Here's a simple yet brilliant product-a Shure SM57 that's been modified with a right-angle bend between its head and body. The bend allows for far easier positioning, especially on drums. When you consider the length of a stock SM57 plus the XLR connector and cable, you're gaining a significant amount of real estate. All around the drum kit, the modified mic will be appreciated by engineer and drummer alike. I can't even count how many times I've had to accept a less-than-perfect snare-mic placement because of the proximity of the hi-hats, snare, and rack tom. With the G5790, one can sneak in there with a nearly perpendicular placement of the capsule to the skin or with an otherwise impossible position that maximizes hi-hat rejection (which can make or break a drum recording). You can also hang the G5790 off the handle on a guitar amp and place it perpendicularly without a mic stand. I think live sound engineers are going to want these micsforthisreason.Granellihasdesignedwhatlookslikean elbowthatattachesthetwosectionsofthemic,beingcareful to maintain the original volume of the chamber behind the capsule, as this affects the sound of the mic. They've certainly done their math correctly because the G5790 sounds just like a straight-up 57. This purchase is a no-brainer. ($149.99 direct,$419.993-pack;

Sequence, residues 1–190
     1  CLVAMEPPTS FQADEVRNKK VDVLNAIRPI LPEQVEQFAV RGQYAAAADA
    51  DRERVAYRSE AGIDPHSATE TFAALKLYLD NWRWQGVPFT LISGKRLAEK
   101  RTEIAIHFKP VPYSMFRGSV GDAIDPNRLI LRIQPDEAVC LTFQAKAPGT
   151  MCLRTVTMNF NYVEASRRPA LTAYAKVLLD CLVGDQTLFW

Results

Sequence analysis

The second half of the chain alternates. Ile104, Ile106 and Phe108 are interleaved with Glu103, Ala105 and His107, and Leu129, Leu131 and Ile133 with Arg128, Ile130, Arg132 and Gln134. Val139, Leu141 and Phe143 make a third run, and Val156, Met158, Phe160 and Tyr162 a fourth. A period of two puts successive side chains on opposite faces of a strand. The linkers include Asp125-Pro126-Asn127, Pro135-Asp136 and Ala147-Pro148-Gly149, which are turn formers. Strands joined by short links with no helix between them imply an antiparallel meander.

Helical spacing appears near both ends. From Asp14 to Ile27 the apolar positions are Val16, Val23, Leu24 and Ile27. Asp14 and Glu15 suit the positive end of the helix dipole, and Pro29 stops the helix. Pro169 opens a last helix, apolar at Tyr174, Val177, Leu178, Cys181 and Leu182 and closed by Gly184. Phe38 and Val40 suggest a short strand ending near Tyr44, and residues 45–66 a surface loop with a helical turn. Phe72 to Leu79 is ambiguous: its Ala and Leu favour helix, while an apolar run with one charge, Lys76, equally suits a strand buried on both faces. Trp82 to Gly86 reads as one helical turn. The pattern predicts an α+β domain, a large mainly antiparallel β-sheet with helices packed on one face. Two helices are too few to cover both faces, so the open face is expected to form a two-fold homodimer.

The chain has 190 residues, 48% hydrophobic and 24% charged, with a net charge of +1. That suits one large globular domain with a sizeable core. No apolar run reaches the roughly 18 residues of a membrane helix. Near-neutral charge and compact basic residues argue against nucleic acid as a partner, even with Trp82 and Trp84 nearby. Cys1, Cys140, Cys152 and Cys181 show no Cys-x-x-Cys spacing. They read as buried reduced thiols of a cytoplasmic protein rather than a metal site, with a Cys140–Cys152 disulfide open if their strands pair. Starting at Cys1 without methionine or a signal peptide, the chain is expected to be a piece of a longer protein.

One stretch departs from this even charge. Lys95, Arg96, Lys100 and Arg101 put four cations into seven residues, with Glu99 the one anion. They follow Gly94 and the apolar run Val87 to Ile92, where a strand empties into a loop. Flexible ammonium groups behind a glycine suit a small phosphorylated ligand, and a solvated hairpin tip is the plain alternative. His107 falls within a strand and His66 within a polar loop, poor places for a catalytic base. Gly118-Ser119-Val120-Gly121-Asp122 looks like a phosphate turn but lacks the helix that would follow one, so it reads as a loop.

Tape Op is a bi-monthly magazine devoted to the art of record making.

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